GN Bank has revealed that it made a “conscious decision” not to sell the bank to foreign interests in the process of looking for the GH¢400 million minimum capital.
It said the foreign investors were only interested in the nationwide network built by the bank “with the intention to abandon our vision of promoting financial inclusion and serving the needs of ordinary Ghanaians”.
On Friday, January 4, Governor of the Bank of Ghana Dr Ernest Addison announced that the commercial bank license of GN Bank has been revoked and an advisor appointed to help it go through a transition back to a savings and loans firm.
“The Bank of Ghana will closely monitor the implementation of the approved transitional plan which is expected to be completed by the end of June 2019.”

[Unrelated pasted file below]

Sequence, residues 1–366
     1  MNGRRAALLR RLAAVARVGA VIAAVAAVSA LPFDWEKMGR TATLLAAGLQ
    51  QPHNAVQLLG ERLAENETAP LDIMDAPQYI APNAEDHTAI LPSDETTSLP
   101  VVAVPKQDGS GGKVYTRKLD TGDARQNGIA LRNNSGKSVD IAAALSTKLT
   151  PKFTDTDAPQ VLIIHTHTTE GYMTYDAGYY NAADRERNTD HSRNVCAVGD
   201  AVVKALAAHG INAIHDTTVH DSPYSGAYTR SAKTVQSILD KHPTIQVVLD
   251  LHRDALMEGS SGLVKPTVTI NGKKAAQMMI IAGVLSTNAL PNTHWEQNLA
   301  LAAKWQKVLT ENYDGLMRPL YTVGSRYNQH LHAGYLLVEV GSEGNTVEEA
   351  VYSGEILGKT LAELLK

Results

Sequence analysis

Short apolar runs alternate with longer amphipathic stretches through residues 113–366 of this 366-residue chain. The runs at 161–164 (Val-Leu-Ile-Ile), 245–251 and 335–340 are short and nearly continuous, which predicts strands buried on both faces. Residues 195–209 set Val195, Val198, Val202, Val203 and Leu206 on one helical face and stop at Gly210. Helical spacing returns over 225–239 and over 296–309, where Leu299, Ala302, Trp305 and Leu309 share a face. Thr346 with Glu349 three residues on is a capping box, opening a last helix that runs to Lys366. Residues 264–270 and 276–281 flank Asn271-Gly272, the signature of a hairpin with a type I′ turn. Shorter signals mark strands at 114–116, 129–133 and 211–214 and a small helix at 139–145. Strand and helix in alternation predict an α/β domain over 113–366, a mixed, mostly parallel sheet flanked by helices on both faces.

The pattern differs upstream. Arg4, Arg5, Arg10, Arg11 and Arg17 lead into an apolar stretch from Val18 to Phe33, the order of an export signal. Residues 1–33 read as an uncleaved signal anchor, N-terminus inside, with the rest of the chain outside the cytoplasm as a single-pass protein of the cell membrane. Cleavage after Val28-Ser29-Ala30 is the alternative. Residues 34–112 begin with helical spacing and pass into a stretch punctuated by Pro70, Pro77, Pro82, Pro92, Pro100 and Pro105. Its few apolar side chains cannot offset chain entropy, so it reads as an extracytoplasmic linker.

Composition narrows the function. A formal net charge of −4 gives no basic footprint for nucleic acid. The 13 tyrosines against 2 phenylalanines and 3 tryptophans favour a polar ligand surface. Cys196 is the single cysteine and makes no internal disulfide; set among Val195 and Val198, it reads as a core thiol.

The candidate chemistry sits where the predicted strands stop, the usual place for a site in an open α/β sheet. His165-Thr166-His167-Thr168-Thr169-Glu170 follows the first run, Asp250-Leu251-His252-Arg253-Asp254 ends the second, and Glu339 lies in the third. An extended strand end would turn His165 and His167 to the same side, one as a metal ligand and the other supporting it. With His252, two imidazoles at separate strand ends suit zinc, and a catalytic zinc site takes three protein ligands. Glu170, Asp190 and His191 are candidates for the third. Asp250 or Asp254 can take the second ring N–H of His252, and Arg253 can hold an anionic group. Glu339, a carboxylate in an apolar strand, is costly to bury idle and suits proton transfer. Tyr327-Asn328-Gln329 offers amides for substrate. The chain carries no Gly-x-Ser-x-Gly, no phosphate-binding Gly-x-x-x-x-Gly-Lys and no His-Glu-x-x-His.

In a statement following Dr Addison’s announcement, GN Bank assured customers that it will still be open for business.
“The decision allows us to concentrate on ensuring maximum liquidity to sustain the business, instead of raising funds for additional capital as a universal bank,” the statement signed by Frank Owusu-Ofori, the head of Corporate Affairs, said.
Main or high street bank?
It said the financial institution served as a savings and loans firm for eight years before transitioning to a commercial bank.
“We invested heavily in opening offices in all the ten regions of Ghana. When we opened our doors, the unbanked population was 80%. Today, it has fallen to 55%. Our continued existence will ensure that the percent of the population that is unbanked will reduce further.”
It said it will continue to be true to its identity as a “main street bank and not a high street bank”.
“We will continue to be a financial institution with a difference – go where others are not willing to go, to bring banking to people currently excluded from the formal banking sector throughout the country,” the statement concluded.